Asked what makes a good romantic comedy, which is perhaps the toughest genre to pull off, Dunst says that "in the Working Title world, [the producers of Love Actually, etc], they seem to find a good balance and I think that English humour really helps out making it not so cutesy and the fact that I'm really the masculine energy in the film which is different from most romantic comedies. In the case of ours, you have this tennis world which really sets up a lot of the comedy and I think it's just a good balance in the movie, so it's hard to make it not too cutesy." As for working with Paul Bettany, Dunst laughingly admits that he did her some of the finer points of British profanity. "He uses the word 'c - nt' more than anybody I've ever met, mostly for guys, but he completely uses it like he's saying the word 'water'. I mean, he has the worst mouth ever."
At a mere 22, Dunst has appeared in over forty films, and as successful and famous as she has become, the actress says that she is not surprised, yet circumspect, at the success that she has attained. "I work hard but I've had plenty of failures too, so I feel like I've learned a lot. I don't know if surprised is the right word at my success, but I feel that if you make choices that really mean something to you, it's hard not to feel successful because even if they don't make money, or don't do this, you're still doing something for yourself, then it's easier to feel successful."
It was Spider-Man that ultimately cemented her huge success, and despite that franchise's whirlwind publicity juggernaut and an intrusive media, Dunst says that knowing the effect of that film on her life, she would take it on if offered to her today. "It's given me the opportunity to have more choices and more opportunities and people who will go and see Spiderman now, might go see another movie I'm in that they wouldn't go to see normally, like Eternal Sunshine or something like that. So the fact that I have that power now is really great and that I can be the lead in a movie and that they would finance it with me because I'm known in places that I've never been to, all helps."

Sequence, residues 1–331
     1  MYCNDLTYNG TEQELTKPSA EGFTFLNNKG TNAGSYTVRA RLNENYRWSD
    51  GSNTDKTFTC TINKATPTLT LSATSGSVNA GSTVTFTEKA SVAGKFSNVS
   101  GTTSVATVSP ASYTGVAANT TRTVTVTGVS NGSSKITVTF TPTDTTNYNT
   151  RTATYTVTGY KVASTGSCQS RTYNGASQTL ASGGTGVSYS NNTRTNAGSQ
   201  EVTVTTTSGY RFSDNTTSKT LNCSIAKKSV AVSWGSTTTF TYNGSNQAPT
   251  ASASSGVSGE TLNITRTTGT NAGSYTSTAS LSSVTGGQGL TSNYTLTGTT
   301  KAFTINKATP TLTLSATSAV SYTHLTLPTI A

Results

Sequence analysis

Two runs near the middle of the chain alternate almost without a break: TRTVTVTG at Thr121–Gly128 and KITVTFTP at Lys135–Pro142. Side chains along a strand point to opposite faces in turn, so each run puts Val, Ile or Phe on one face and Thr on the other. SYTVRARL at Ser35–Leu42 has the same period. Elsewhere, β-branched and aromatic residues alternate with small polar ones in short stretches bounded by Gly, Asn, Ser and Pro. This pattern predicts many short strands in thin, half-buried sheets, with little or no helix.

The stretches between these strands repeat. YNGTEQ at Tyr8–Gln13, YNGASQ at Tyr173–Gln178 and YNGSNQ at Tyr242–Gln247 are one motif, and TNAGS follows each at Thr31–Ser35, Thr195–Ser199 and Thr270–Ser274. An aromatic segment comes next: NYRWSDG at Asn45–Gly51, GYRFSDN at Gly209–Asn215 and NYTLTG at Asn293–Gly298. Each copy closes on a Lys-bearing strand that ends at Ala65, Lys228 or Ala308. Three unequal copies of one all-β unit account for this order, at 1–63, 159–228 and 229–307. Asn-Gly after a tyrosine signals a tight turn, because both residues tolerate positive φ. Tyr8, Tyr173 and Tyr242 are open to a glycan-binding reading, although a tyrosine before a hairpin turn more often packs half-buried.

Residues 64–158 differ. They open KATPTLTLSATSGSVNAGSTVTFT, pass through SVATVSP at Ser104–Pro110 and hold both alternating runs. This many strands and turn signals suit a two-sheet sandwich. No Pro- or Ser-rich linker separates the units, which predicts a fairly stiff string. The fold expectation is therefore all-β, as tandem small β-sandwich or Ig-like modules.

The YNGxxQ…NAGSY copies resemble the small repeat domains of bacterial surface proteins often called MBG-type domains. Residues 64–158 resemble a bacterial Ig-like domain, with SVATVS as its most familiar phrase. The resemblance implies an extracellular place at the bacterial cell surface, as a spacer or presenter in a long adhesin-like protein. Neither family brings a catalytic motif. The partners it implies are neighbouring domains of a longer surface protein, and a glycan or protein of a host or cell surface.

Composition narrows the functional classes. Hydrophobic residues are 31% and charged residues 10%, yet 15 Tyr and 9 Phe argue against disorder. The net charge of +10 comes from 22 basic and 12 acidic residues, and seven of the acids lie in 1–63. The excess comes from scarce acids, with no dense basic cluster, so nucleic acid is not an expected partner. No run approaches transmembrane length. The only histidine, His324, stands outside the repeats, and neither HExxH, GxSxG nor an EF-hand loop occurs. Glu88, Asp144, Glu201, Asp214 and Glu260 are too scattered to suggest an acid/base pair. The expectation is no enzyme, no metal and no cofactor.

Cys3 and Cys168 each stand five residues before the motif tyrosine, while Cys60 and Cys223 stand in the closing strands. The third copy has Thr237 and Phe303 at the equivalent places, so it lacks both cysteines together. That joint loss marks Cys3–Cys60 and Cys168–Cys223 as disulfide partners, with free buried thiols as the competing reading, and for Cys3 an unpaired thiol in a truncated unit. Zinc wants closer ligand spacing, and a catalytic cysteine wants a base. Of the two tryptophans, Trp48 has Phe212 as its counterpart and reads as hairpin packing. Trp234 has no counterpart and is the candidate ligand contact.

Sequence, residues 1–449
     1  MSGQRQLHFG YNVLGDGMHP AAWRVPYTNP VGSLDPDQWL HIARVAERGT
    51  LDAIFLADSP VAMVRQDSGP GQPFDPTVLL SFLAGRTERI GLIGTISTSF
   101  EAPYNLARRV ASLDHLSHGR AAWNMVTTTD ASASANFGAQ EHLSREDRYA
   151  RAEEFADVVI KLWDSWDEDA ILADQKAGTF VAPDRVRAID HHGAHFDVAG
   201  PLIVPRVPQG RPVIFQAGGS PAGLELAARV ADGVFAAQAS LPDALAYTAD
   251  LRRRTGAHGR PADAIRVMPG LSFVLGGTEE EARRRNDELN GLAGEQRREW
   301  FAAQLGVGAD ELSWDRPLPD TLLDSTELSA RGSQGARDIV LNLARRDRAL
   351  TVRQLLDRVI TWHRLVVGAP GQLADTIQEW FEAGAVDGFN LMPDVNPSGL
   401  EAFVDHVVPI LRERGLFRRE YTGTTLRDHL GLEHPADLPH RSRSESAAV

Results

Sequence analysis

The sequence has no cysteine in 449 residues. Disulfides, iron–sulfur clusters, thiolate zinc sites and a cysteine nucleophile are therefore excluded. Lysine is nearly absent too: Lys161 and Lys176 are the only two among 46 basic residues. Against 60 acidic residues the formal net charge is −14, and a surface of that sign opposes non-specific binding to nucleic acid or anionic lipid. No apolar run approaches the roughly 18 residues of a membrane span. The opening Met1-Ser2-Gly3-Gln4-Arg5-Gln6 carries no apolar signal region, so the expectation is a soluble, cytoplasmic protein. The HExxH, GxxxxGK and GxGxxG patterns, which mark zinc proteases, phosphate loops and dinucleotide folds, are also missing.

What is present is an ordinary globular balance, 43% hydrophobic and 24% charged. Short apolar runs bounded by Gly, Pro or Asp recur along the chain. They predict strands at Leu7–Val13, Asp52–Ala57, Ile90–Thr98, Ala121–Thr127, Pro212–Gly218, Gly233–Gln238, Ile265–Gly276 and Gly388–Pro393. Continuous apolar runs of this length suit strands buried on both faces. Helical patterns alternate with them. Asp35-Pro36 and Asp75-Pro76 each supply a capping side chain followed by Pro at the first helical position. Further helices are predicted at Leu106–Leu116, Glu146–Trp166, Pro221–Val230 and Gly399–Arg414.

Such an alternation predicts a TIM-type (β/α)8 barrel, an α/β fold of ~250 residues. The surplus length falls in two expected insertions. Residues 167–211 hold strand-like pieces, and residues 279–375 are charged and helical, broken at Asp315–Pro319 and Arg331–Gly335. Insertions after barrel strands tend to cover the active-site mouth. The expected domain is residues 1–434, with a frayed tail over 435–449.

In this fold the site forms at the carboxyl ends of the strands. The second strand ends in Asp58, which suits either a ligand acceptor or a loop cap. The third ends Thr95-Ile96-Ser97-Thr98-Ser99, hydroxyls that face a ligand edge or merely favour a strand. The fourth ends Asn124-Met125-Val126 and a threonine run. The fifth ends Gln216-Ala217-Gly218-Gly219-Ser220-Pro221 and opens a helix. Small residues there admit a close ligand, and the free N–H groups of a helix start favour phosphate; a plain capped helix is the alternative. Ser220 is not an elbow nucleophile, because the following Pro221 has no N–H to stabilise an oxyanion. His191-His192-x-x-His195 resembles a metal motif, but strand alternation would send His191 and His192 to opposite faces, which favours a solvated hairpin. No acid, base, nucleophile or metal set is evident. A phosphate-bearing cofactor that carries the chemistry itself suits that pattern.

And Dunst remains passionately proud of the films, especially the second one. "I'm completely proud of that movie and I think that we made a great blockbuster. But all of us really loved the story and are moved by it, so I think that's why audiences responded because I really do put myself in that." While Dunst is committed to Spider-Man 3, a fourth seems unlikely, though regrets her previous comments that she wants her character to die. "I was totally joking when I said that," but wouldn't be drawn as to whether she would be convinced to continue on.
But there is certainly more to Dunst's career than Spider-Man, as she takes on the daunting task of playing the tragic Marie Antoinette for director Sofia Coppola, which is to be shot on location in Paris and the Palace of Versailles. Though a historical epic, Dunst says "it sounds like a big movie but the script takes it in a very personal way." Her Louis will be played by Jason Schwartzman, and Dunst jokingly says that she "will have no problem playing an Austrian character because my Dad's German." The perpetually busy actress is still in the middle of shooting Cameron Crowe's Elizabethtown, a project shrouded in secrecy. "I think Sofia and Cameron are two really amazing directors and respectfully they want to keep things private because why give away the movie when you can see it in a year. It's more exciting to wait and wonder what it's about, and we'll talk about it plenty in a year or so." After Marie-Antoinette it's back to the world of Spider-Man, and Dunst hopes to try and have a break somewhere during that hectic schedule. "I finish Cameron's movie at the end of September, then I don't work again until March, which is a big break and then after that, Spiderman will probably start in the Fall." Dunst hopes that during her break "I'd love to learn French because I'm going to be spending a lot of time in Paris and I don't know what I'll do, but get into the zone of Maria Antoinette, read a lot and take classes."